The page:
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Lt. Gen Stephen Townsend, far left, commander of Combined Joint Task Force's Operation Inherent Resolve, and Command Sgt. Maj. Benjamin Jones, far right, visits troops at Kara Soar Base, Iraq, on August 28, 2016. U.S. Defense officials confirmed Wednesday, Sept. 28, that an additional 600 troops will be heading to Iraq.

Lt. Gen Stephen Townsend, far left, commander of Combined Joint Task Force's Operation Inherent Resolve, and Command Sgt. Maj. Benjamin Jones, far right, visits troops at Kara Soar Base, Iraq, on August 28, 2016. U.S. Defense officials confirmed Wednesday, Sept. 28, that an additional 600 troops will be heading to Iraq. (Ryan E. Alvis/U.S. Marine Corps)

ALBUQUERQUE, New Mexico — The United States will send an additional 600 troops to Iraq to assist in the upcoming fight to retake Mosul from the Islamic State group, Secretary of Defense Ash Carter announced Wednesday.

The U.S. forces will “enable Iraqi security forces and also Peshmerga in the operations to isolate and collapse [the Islamic State group's] control over Mosul. But also to protect and expand Iraqi security forces' gains elsewhere in Iraq,” Carter said.

The additional forces will be based throughout Iraq, including at Qayyarah West Air Base, an airfield south of Mosul being used as an operations hub for the upcoming battle. Some of the additional U.S. forces will be sent to Al Asad Air Base and Al-Taqaddum, an Iraqi air base that was used to train the Iraqi army to recapture Ramadi from the Islamic State group last December.

The troops deployed to Iraq will come from the logistics, intelligence and train, advise and assist specialties, a senior defense official said on the condition of anonymity.

The added forces will bring the authorized number of U.S. troops in Iraq to 5,262, the official said.

Carter said the troops, in part, will focus on eliminating the Islamic State group's ability to conduct "external plotting" and stop plans and attacks on Iraqi targets and ones outside the country's borders.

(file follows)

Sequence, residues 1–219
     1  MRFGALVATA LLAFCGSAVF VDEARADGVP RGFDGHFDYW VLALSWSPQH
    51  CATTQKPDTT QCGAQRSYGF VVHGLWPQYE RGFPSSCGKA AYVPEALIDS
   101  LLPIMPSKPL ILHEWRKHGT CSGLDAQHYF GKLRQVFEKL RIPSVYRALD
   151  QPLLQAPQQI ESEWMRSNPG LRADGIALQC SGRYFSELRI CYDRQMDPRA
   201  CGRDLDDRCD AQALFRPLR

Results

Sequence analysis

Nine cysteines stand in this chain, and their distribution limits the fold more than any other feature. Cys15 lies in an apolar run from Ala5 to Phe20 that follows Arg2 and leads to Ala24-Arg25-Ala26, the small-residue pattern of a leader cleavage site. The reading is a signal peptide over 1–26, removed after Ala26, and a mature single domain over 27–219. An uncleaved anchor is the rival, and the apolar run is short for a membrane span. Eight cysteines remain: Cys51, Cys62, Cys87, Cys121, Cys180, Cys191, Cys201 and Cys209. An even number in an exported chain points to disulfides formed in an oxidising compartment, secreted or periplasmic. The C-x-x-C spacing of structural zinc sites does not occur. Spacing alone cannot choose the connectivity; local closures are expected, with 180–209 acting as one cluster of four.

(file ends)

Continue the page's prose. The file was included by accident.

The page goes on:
Iraqi Prime Minister Haider al-Abadi confirmed the troop increase in a statement and called it the “final” troop increase for Iraq.

Carter, who has made several troop-increase recommendations to the White House during his tenure, said the 600 requested “is what we now foresee as the requirement for the envelopment of Mosul.”

The request would “increase the final number of American trainers and advisers under the umbrella of the international coalition in Iraq to provide backing for security forces and the Iraqi [heroes] in the fight for the impending liberation of Mosul,” according to Abadi’s statement on his government webpage.

Defeating the Islamic State group in Mosul would be a major victory for Iraq. The government lost the northern city to the Islamic State group in mid-2014 when a weakened Iraqi army fled the terrorist group's advances. The city is Iraq's second largest and has been used by the Islamic State group as a de facto headquarters there.

Carter said how long the additional forces, and other U.S. troops “in harm’s way,” stay in Iraq depends on the resistance that they encounter in retaking of Mosul.

“Different cities have fallen in different ways,” Carter said. “We do not know what [the Islamic State group's] plans will be for the defense of Mosul nor whether they will be able to carry out whatever plans they have ….We are prepared for whatever happens there.”

Once Mosul is defeated, Carter said some of the U.S. forces could remain.

“We are prepared to continue to help the Iraqi security forces consolidate their control,” he said.

copp.tara@stripes.com Twitter:@TaraCopp


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